OMG, a wine review in 140 characters or less?

2011-03-07 00:00

WE live in the age of the Twitter mind-set. If you cannot say it in 140 characters, chances are it’s not worth saying. All around the globe, social-media wine communities are emerging to educate the masses about wine.

Social network Snooth, which is based in the United States, has built an online community for wine drinkers. Users of the site can review and shop for wine.

Wine-life in the United Kingdom engages audiences with topics, reviews and tales of wine making today.

South African site Spit or Swallow allows users to rate and review wine farms along popular wine routes.

South Africa’s wine community is slowly finding its way online and picking up new members. As a country with a keen interest in social media, most people online aren’t embedded in the wine community nor do they understand it.

Real Time Wine is a new website dedicated to wine reviews for the digital-generation born with the 140-character attention span — reviews for the “common person” apparently.

According to its creator, Andy Hadfield, the site is a response after reading one too many wine reviews that made little to no sense to him.

“I didn’t understand a word they were saying. I felt excluded by this. I enjoy wine and I like talking about it but this community is closed off,” says Hadfield.

Hadfield, a digital veteran, feels that wine doesn’t need excessive words to make it interesting. “Wordiness equals tardiness,” according to Hadfield.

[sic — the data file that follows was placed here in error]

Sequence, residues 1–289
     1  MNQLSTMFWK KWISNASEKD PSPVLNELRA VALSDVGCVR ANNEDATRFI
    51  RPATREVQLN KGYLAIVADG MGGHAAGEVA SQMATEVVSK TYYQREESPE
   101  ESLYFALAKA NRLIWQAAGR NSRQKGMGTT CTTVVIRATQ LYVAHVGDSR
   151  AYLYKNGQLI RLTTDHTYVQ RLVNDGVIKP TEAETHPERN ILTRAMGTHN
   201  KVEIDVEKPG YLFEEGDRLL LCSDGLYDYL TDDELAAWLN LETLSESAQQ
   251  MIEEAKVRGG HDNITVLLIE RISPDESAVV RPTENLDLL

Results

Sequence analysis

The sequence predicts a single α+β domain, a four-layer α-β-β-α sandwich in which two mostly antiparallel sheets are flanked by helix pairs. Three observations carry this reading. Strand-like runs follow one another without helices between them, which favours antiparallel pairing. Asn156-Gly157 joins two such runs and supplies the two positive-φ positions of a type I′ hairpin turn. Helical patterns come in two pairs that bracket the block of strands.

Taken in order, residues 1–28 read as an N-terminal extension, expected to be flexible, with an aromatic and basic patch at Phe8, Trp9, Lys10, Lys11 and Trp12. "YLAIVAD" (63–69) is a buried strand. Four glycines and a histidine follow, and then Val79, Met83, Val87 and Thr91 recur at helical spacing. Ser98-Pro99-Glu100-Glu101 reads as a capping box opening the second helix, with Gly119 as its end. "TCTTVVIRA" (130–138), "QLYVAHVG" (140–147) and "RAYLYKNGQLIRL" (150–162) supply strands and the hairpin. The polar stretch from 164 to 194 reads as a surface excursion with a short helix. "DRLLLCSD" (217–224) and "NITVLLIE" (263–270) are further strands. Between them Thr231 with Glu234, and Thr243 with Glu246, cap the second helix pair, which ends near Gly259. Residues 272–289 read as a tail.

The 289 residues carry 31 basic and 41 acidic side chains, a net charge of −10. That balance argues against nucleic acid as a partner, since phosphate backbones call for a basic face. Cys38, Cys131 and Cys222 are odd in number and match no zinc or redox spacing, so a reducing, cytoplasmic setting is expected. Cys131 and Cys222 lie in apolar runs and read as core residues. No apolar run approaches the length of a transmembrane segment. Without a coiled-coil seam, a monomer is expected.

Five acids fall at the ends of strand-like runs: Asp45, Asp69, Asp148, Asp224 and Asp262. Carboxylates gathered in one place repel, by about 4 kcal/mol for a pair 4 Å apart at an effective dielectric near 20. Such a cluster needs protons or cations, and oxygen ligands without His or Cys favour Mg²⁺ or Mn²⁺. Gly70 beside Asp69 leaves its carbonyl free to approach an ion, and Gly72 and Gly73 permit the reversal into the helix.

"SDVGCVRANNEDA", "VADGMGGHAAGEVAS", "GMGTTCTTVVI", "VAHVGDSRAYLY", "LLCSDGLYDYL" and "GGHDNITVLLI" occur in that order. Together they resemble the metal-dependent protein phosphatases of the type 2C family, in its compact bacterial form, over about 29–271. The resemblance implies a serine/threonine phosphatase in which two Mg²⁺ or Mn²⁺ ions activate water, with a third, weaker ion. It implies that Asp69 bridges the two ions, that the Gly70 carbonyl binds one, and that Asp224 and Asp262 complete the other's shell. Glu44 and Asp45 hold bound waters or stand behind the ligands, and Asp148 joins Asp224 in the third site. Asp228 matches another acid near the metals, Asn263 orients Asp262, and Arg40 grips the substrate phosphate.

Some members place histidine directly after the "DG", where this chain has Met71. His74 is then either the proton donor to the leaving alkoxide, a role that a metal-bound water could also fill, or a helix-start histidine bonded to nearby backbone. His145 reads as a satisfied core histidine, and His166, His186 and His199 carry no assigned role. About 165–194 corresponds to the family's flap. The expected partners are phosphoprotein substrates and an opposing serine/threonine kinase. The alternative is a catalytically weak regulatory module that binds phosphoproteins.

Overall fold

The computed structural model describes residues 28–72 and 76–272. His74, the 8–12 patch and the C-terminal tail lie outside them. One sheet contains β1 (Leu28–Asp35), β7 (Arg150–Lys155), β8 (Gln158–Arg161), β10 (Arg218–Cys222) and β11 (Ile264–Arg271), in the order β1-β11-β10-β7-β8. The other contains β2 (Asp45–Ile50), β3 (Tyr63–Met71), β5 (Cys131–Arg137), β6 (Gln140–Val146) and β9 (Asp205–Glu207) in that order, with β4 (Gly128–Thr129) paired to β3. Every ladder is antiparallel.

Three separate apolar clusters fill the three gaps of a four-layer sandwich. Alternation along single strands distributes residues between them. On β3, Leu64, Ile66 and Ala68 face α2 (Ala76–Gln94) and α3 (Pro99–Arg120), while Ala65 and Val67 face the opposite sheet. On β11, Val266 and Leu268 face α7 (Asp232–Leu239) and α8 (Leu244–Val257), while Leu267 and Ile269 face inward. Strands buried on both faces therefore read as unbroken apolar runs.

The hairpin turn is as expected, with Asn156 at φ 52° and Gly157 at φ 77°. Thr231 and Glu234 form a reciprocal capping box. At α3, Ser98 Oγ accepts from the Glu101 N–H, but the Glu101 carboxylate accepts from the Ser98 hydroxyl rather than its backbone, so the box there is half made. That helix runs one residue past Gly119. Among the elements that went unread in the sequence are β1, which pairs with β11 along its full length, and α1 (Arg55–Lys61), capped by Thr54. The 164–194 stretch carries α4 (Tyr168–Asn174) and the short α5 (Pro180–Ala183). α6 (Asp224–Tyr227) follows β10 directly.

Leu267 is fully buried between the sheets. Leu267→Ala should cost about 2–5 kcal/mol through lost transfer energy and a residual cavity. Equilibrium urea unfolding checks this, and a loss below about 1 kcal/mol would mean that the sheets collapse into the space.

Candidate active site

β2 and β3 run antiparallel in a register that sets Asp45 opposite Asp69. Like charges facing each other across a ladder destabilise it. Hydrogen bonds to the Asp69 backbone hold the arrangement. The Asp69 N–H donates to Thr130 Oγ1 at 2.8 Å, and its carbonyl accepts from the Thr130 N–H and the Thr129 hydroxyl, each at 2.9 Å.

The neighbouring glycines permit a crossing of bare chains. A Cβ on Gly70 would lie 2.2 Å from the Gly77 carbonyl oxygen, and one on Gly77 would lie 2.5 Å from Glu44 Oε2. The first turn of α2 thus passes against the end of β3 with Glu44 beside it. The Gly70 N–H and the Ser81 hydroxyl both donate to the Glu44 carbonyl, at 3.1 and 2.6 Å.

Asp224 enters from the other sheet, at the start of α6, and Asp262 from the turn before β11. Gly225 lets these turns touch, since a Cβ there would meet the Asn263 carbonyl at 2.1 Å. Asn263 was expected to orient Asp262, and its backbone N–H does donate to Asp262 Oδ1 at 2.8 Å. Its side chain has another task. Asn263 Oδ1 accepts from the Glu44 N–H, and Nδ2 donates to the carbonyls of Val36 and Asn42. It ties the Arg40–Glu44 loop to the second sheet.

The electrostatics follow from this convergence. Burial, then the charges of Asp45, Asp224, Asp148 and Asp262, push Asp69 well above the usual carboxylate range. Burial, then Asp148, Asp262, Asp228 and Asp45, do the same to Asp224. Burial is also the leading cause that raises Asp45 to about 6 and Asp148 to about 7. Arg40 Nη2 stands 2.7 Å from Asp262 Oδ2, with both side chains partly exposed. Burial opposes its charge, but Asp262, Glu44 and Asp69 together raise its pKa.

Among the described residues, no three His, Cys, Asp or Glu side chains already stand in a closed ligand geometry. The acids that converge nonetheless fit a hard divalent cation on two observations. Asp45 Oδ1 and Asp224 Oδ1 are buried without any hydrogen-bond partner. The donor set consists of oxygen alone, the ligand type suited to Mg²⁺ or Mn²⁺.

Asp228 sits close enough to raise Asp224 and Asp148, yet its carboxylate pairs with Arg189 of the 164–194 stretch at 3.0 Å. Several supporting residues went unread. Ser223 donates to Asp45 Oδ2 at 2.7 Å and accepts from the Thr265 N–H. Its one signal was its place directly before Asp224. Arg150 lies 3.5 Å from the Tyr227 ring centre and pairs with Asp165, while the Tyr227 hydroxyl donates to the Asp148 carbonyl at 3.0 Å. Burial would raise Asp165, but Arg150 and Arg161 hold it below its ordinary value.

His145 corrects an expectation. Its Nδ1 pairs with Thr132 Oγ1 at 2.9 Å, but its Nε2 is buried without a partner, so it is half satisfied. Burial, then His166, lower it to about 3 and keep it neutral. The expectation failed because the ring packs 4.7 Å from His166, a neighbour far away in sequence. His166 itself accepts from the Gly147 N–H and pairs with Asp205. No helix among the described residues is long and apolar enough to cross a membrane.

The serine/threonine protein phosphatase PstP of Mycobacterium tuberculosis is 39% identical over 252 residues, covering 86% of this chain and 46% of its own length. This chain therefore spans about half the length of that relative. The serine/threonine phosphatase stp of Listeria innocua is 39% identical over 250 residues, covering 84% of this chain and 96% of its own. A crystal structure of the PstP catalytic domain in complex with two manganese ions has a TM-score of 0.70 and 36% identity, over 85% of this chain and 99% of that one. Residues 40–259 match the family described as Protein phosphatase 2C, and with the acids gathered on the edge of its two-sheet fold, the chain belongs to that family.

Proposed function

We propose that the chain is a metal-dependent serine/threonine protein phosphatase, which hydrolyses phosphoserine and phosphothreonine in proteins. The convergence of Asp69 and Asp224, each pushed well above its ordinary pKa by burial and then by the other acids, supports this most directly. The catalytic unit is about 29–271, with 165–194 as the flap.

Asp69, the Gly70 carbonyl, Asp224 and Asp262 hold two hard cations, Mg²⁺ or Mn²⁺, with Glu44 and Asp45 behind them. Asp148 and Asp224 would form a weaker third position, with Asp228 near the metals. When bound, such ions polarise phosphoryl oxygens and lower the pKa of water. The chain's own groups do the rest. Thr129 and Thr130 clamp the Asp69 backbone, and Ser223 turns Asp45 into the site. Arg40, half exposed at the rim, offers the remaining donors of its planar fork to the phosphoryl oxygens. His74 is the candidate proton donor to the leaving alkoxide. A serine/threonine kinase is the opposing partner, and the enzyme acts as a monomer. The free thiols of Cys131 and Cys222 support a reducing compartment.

Instead of the stars most wine reviewers give, the site scores the wines from one to 10. Hadfield scored the ‎2008 La Motte Sauvignon Blanc a nine, stating: “It’s like two apples running through a meadow, embracing, on my tongue. OMG.”

Anyone is allowed to review. One of the site’s contributors, blogger and marketing co-ordinator at Backsberg, Harry Reginald Haddon, scored the 2007 Neil Ellis Aenigma a seven: “Damn delicious. Blackberry, a little bitter chocolate, very juicy. Delights and tempts. A sweet-16 red wine.”

Real Time Wine has received some attention from those in the wine community who use words that Hadfield “doesn’t understand”.

Tim James, a prominent wine reviewer for Platter’s Guide, wrote a blog post on Grape, discussing Hadfield’s site. In his post, James wishes the project well but seems to find it “impossible to believe that anyone is going to find it nourishing for long.”

He further adds that the site is “vacuous” and “sadly rather dull and boring — which is surely just what it shouldn’t be”.

Sunday Times columnist Neil Pendock, in his blog Pendock Uncorked, wrote what he called “an open tweet to Andy Hadfield”.

Pendock both criticises and praises Real Time Wine reviews. Although he mainly uses Twitter to tweet his blog posts, Pendock hadn’t really taken to wine reviews of 140 character or less, until he wrote his tweet on a piece of paper in a “tweet-off” with Andy Hadfield.

Hadfield’s argument for the site is that there is a need for inclusion in the wine community. The more people who tweet about wine the more “other people will try those wines because ‘normal’ people are telling them about it.”

Wine reviews in less that 140 characters are gaining popularity within the wine industry from large brands to boutique farms.

Many estates have already started tapping into the twitterverse and blogosphere by hosting “tweet-ups” with wine lovers and encouraging them to taste and tweet from their mobile phones.

Real Time Wine is an interesting site with a cheeky edge that appeals to the younger, Internet- and smartphone-savvy market. The site also looks to attract a broader audience of wine lovers who are looking for a straightforward review from “ordinary people” instead of complicated tasting notes that exclude those without such sharp palates. Hadfield is also sourcing a humorous list of words which shouldn’t be used when reviewing wine, such as “robust”, “Russian tarragon herb” and “cassis”. Hadfield welcomes any contributions to the list so send your suggestions to @Realtimewine.

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